Belmont Recognized as Purple Heart Community

Photo: Members of the Military Order of the Purple Heart saluting the flag during the National Anthem.

Speaking before Purple Heart recipients and residents on Friday, Belmont Asst. Police Chief  James MacIsaac told the story of three young Belmont residents who died in defense of their country. 

James Paul White (whom the White Field House is named after) killed in 1944 and friends Teddy Lee and Donny Ray who died in Vietnam were just three of hundreds of Belmont residents from the Civil War to Afghanistan whose “stories needed to be told to ensure that the residents of Belmont never forget the young people from Belmont who have answered the call to war time and time again,” said MacIsaac.

It was on that theme of sacrifice for the country that on Friday, April 22, in front of Belmont Public Library with the Belmont Hill School’s a capella group The B-flats singing the National Anthem; Belmont was formally recognized as a Purple Heart Community by the Military Order of the Purple Heart.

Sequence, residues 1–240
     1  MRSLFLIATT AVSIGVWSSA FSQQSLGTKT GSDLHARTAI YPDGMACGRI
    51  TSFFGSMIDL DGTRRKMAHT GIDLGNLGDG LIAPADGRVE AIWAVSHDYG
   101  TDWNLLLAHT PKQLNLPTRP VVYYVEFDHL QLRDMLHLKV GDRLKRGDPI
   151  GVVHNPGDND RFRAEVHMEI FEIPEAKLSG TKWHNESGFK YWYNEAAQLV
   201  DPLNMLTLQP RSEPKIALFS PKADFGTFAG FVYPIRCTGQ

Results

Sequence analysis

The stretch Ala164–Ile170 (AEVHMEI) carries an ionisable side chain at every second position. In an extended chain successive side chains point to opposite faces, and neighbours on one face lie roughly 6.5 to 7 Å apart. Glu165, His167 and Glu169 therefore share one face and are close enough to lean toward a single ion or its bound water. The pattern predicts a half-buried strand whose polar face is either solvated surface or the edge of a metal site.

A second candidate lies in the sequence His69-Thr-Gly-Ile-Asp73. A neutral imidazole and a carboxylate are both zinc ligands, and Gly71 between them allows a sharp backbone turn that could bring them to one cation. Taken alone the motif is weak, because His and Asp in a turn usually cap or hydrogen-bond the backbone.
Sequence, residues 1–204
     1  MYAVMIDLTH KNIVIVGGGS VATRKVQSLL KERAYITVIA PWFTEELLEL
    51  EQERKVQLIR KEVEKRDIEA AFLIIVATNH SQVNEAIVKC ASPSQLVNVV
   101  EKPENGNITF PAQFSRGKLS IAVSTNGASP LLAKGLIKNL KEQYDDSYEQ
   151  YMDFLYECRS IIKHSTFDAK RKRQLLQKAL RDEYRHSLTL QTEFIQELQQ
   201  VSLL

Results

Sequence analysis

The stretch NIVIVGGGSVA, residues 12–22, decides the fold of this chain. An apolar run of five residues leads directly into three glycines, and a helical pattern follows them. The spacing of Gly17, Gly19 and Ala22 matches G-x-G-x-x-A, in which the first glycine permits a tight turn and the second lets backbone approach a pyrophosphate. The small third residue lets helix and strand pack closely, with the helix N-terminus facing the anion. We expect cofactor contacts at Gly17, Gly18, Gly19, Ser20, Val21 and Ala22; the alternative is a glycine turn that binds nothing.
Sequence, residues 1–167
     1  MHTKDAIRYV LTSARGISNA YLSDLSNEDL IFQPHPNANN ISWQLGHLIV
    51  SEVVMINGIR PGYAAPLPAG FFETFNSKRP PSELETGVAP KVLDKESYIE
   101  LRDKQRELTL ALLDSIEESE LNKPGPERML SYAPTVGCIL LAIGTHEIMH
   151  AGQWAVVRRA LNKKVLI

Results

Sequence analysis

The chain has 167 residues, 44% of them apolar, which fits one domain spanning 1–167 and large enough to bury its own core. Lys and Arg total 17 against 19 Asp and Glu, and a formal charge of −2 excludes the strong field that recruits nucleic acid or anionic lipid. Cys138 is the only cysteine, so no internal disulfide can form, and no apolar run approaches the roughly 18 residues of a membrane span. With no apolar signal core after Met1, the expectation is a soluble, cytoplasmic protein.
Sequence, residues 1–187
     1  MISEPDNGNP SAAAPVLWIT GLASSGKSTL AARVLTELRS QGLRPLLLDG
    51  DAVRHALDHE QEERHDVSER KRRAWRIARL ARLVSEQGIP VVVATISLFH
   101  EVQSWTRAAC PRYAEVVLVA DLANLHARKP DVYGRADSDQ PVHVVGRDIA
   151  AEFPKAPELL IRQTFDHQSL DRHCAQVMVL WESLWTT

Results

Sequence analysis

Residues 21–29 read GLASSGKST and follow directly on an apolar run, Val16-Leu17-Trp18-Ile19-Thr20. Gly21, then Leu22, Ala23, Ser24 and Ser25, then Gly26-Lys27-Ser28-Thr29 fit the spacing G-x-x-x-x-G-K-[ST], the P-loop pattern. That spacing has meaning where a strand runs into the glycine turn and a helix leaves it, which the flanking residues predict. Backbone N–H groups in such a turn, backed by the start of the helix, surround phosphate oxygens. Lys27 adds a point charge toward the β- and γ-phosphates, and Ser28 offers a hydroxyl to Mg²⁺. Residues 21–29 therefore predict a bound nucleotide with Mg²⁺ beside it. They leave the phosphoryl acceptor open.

Belmont’s Veteran Services Agent, Bob Upton received a plaque from officers of the Order before veterans, town officials, residents and the handful of Belmontians who were honored with the medal in defense of the country. Belmont is now one of 86 municipalities which “shows our appreciation to our combat wounded, Purple Heart recipients.”

The Purple Heart is awarded in the name of the President to those wounded or killed while serving, with the U.S. military. With its forerunner, the Badge of Military Merit, the Purple Heart is the oldest military award still given to U.S. military members. 

In his keynote speech, MacIsaac told the story of a message that was reportedly found in an old sentry box in Gibraltar.

“God and the soldier all men adore, in a time of trouble and no more. For when war is over and all things righted, God is neglected, and the old soldier is slighted.” 

“It’s a timeless quote that I think we can all agree has some truth to it,” said MacIsaac.

“That’s why I think it is important for the cities and towns that make up this nation to make an effort to remember and recognize those that served and those that were wounded or killed in action in the service of their country,” he said.

“I’m very happy that Belmont has made a step, by being designated a Purple Heart Community, that will help ensure that our old soldiers are not slighted but remembered for their service to our town and country, and I’m honored to partaking in this morning’s ceremony,” said MacIsaac. 

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